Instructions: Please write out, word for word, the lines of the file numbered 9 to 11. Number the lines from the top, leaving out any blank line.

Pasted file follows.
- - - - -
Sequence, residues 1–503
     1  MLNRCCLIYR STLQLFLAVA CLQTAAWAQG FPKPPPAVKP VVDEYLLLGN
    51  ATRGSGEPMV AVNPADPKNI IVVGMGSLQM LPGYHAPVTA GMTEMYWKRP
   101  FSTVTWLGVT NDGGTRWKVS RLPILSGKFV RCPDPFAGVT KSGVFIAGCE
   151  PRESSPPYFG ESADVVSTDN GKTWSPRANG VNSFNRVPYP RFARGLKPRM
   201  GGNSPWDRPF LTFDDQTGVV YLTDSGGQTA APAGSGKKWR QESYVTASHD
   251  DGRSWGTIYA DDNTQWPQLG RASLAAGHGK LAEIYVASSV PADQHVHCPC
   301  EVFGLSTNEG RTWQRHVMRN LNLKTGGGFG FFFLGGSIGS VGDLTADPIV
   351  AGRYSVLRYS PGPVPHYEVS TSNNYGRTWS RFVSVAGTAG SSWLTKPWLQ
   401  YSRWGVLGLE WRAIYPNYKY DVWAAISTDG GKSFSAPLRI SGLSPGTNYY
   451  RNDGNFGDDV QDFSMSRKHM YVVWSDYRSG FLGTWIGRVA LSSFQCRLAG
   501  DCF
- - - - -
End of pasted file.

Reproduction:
   351  AGRYSVLRYS PGPVPHYEVS TSNNYGRTWS RFVSVAGTAG SSWLTKPWLQ
   401  YSRWGVLGLE WRAIYPNYKY DVWAAISTDG GKSFSAPLRI SGLSPGTNYY
   451  RNDGNFGDDV QDFSMSRKHM YVVWSDYRSG FLGTWIGRVA LSSFQCRLAG